A handful of 9- and 10-letter answers in the fill bolt the theme entries together. Overall, though, most of the puzzle felt like short, familiar answers with fairly easy clues. Not Monday-puzzle easy, no, but not hard on the spectrum of alt-weekly crosswords, either.
Lynn Lempel’s CrosSynergy/Washington Post puzzle, “MP3 Selection”—Janie’s review
Another smooth and really well-calibrated construction from Lynn today, where the title is spot-on in providing just enough misdirection to amuse and proving itself to be entirely accurate in describing the theme. So, no–this is not about the music you store on your computer or in your iPods, although there is one gorgeous musical reference in the grid: ODE TO JOY [Poem sung in Beethoven’s Ninth Symphony]. (A music-lover I know once said that if everyone in the world were required to sing the choral portion of that music, she’d defy them ever to pick up arms again.)
This puzzle’s theme fill is quite literal about its “MP3” connection. The letter “M” appears once in the first word and the letter “P” three times in the second of the four two-word phrases. And the guilty parties are:
17A. MUD PUPPIES [Large, water-dwelling salamanders]. Um. We saw this fill once before here and I commented then on how adorable the name is but how seriously unadorable these creatures look. You be the judge. And although the related (and cuter) NEWT is also in the puzzle, he’s clued today as [Former Speaker Gingrich].
10D. MARY POPPINS [Fictional nanny to the Banks children]. The one who’s “Practically Perfect.”
25D. LEMON PEPPER [Zesty seasoning]. Especially nice on fish or chicken. And where cooking is concerned, we’re reminded that AROMA is a [Mealtime allure] and that as far as service goes, CHINA (as opposed to PAPER or PLASTIC) makes for lovely [Holiday tableware].
62A. GUM POPPING [Annoying habit of some chewers]. Full disclosure: I’ve never been able to master the “art” and have always been a little jealous of the folks who could pop their gum—even if it is a “don’t” is everyone’s book of etiquette…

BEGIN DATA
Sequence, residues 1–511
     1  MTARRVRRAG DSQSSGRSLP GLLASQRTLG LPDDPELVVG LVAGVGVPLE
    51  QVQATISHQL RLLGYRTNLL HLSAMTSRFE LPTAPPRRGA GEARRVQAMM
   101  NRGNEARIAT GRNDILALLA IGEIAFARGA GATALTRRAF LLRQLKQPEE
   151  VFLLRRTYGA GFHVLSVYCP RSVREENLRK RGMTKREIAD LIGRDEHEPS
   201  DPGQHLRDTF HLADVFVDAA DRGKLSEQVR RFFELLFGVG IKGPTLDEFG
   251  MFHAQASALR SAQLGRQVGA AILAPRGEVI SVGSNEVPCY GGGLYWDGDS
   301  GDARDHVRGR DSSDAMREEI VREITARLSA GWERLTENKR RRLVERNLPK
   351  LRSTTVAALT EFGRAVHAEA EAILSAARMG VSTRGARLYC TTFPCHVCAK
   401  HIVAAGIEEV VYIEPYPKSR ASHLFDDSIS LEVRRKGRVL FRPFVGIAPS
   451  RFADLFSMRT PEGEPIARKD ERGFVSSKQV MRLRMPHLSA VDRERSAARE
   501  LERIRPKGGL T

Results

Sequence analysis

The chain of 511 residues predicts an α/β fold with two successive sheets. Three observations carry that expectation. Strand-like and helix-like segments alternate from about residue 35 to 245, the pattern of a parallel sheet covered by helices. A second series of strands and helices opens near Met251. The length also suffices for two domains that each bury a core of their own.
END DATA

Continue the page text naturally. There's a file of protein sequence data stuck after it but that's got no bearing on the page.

Lotta “internal glue” in the grid today. There’s the “thermodynamic” duo (with their shared “L”): “KEEP COOL!” [“Now don’t get flustered!”] and TOO COLD [Like Mama Bear’s porridge]. And there are the symmetrically placed pair-sets: side-by-side court stars ASHE [Tennis great who wrote “Days of Grace”] and ILIE [Tennis ace Nastase], and side-by-side Steinbeck references JOAD [Family name in “The Grapes of Wrath”] and OKIE [“The Grapes of Wrath” figure]. We also get a trio of “stasis” clue/fill combos by way of [Where folks commonly get stuck] RUTS, [Traffic delay] TIE-UP and [Sits in traffic] IDLES.
Pete Muller and Sue Keeler’s Los Angeles Times crossword
Tell me this: Does this puzzle have six 8- to 10-letter theme entries, or eight 6- to 10-letter theme answers with one odd man out? There are eight rhyming phrases, but only seven of theme use the same spelling in the phrase’s two words. 22A: DRY EYE, clued with [There may not be one “in the house” during a tearjerker] is the only one that doesn’t spell its vowel sounds with the same letters. The other seven make an ironclad set:
- 20A: [Blondness] is FAIR HAIR.
- 32A: [Cat’s pajamas] and BEE’S KNEES are both circa-1920s slang. Wonder why “bee’s pajamas” never caught on.
- 37A: [Like some stockings] clues THIGH-HIGH.
- 47A: [Captain Ahab feature] is a PEG LEG.
- 50A: [Fan of Jerry Garcia’s band] is a tie-dyed DEADHEAD. This one’s actually another odd man out—it’s one word, not two.
- 3D: [Flight of scientists to another nation, e.g.] is a BRAIN DRAIN.
- 27D: [“The original gourmet” candy bean] is the JELLY BELLY brand. Steer clear of those Harry Potter–themed Jelly Belly beans with horrifying flavors like ear wax.
I needed all the crossings for 35D: [Cymbal sound]. WHANG? Pete’s a musician so this probably made perfect sense to him. Here’s the dictionary entry—after the whip and penis senses, you get to the reverberant sound sense. “Wang Dang Doodle” omits the H, of course.
Highlights in the fill: old-school DISHPAN (which lives on in “dishpan hands,” because “too much handwashing hands” and “bathtub scrubbing hands” never caught on); the PET ROCK of the ’70s; and a flying FRISBEE.
Least favorite answer: the partial A BUY, 42A: [“It’s __!”: bargain hunter’s words]. Isn’t “a buy” more of a stock analyst’s phrase than a bargain shopper’s?